Fatherhood and Sexism

Fatherhood and SexismHaving a daughter changes a man’s notions about traditional gender roles. That’s the conclusion of a recent study published in Social Forces, a leading sociology journal. The study measured attitudes about gender roles before and after having a daughter or son. Fathers showed significant changes in attitudes after having a daughter.

Parents have long understood that having children changes the way that they view life, but in an age of constantly changing parental roles, scientific studies about fatherhood and sexism have been few and far between. What is known is that gender preference in offspring begins well before birth. A survey conducted at Queen’s University in Ontario, Canada, asked students, faculty and staff if they would rather have a son or a daughter. Women overwhelmingly wanted daughters. Men wanted sons.

The study’s researchers credited this gender preference to a parent’s desire to realize fulfillment through the success of their children. The opportunity for a woman to see her dreams fulfilled is viewed as more likely to occur with a daughter. For a man, the opportunity of legacy is viewed as more likely to occur with a son.

Even the most enlightened and well-educated man is apt to view the opposite sex as somewhat of a mystery. Ideology about gender roles is influenced by a person’s upbringing, education, culture and social experiences as much as it is by a person’s deliberate conclusions, but these two studies show that something else is at work as well. The way a man views female members in his family, whether a mother, sister or a daughter, is bound to influence the way that he views all women.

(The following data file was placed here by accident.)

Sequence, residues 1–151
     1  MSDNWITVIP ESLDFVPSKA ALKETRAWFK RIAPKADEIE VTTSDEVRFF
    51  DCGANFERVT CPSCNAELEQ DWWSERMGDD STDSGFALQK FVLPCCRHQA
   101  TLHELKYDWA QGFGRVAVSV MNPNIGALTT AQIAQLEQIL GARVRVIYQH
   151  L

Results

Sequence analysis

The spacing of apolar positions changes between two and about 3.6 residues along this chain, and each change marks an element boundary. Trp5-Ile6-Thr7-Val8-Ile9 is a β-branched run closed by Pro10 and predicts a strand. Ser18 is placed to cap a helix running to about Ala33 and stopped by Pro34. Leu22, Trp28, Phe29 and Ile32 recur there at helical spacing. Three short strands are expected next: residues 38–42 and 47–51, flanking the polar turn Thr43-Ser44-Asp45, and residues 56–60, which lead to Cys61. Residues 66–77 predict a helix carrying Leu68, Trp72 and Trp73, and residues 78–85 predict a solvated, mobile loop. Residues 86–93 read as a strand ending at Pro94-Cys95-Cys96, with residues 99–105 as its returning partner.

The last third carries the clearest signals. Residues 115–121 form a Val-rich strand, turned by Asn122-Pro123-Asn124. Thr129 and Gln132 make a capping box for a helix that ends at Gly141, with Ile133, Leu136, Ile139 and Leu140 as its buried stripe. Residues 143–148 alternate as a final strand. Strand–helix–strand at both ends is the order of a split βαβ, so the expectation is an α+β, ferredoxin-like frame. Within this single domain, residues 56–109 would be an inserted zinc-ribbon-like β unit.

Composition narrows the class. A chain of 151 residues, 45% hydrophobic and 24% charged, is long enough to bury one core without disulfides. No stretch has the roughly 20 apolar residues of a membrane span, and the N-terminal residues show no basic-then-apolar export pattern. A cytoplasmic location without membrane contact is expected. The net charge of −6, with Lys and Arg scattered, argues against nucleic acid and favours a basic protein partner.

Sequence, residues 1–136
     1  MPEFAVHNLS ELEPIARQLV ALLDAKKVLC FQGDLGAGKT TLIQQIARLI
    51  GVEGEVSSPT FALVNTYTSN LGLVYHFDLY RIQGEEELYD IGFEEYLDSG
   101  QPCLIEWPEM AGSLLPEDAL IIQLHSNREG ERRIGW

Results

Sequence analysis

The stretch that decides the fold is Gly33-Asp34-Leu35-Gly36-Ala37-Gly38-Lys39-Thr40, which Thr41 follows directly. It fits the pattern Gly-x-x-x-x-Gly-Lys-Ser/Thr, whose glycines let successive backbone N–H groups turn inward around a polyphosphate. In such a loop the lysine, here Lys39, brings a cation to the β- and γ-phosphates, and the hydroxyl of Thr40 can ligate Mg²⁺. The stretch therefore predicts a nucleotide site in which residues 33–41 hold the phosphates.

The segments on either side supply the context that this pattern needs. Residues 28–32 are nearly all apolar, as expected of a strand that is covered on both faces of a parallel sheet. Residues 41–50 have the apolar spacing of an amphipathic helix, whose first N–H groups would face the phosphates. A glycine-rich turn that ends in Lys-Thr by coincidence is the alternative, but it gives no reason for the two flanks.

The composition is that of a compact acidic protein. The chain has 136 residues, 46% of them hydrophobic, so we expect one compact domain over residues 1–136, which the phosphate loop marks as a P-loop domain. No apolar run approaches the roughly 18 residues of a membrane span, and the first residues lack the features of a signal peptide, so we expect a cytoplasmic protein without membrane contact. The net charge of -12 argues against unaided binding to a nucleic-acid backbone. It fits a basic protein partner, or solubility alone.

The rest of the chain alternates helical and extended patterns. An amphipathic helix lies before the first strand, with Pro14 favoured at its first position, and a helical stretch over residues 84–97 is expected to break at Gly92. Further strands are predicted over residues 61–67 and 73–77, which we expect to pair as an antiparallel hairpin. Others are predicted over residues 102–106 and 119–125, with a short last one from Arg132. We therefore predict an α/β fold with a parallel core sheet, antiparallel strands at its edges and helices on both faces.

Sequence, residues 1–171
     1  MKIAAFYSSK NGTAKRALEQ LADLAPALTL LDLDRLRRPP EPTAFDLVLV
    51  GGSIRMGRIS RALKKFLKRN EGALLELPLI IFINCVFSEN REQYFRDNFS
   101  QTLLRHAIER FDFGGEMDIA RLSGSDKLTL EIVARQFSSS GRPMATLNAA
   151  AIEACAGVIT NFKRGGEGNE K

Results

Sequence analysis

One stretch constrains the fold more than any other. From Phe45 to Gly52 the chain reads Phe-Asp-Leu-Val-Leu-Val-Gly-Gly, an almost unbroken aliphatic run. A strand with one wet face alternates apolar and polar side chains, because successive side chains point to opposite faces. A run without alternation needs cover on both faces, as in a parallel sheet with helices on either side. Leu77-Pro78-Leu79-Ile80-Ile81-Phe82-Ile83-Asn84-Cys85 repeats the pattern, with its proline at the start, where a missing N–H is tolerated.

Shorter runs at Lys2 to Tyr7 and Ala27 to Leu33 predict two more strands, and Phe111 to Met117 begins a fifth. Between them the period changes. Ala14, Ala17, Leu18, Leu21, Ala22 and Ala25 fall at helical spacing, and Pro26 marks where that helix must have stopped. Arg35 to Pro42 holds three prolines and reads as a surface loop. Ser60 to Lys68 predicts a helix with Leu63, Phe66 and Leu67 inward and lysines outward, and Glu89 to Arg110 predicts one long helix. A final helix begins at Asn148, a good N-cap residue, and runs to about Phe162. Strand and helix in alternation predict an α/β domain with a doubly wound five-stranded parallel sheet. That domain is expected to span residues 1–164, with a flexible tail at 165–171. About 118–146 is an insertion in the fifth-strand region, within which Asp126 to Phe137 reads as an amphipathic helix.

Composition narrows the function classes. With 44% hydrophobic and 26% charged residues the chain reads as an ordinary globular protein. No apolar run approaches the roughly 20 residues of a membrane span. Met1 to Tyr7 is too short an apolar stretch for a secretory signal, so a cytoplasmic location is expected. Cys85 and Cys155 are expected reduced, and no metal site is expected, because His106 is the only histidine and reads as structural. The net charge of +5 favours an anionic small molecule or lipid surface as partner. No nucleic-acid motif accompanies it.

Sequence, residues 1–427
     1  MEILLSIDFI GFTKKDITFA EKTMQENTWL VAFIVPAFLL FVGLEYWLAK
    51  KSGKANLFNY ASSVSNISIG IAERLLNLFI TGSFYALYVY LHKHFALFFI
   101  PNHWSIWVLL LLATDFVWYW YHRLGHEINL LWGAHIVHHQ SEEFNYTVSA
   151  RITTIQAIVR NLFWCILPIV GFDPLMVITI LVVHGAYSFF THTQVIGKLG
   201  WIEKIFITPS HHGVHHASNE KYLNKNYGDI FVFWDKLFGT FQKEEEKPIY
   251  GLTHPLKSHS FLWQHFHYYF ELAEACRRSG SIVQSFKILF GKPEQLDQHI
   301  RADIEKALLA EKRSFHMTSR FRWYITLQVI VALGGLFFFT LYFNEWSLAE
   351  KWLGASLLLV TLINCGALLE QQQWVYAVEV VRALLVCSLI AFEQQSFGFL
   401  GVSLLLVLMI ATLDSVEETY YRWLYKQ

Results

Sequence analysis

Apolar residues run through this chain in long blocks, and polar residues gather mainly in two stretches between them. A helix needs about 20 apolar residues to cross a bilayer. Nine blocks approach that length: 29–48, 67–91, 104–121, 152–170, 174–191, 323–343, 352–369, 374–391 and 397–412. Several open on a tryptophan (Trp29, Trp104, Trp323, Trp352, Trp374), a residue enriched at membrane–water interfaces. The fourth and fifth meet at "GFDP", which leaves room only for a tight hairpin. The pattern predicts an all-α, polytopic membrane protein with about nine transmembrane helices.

The significance of a father’s influence on his daughter’s psychological development and on her view of herself is well established. The interaction – or lack of interaction – between a father and daughter plays a role in the kind of partner that the daughter may choose later in life. Sociologists have observed that a woman’s desire to gain her father’s approval exists and persists even when the father’s behavior was neglectful or abusive. When a father has an enlightened view about gender expectations, his daughter is likely feel the benefit of that attitude all of her life.

Sexism issues, of course, can come into play whether a man fathers a son or a daughter. Sons are likely to model their attitudes about male gender after their fathers. The son’s attitude about female gender, however, will not only be influenced by his mother but also by the attitude that his father has towards women, particularly the boy’s mother. A son that observes his father treating his mother with respect will likely treat other women with respect as well.

Hostile sexist attitudes are easiest to identify. Sexism disguised as chivalry, behavior that some sociologists refer to as “benevolent sexism,” is harder to identify. These behaviors tend to reward women for fulfilling expected female roles. If a woman acts in a docile manner, for example, she may be rewarded with approval whereas if she asserts herself, she may be met with censure. Studies have shown that when women experience this kind of sexism in the workplace, their ability to perform decreases.

Role modeling is not the only way that children learn, but it is one of the most potent. Simply by demonstrating through language and behavior that all people deserve to be treated with courtesy and respect, fathers can help their sons and daughters live a life that is free from the negative effects of sexism.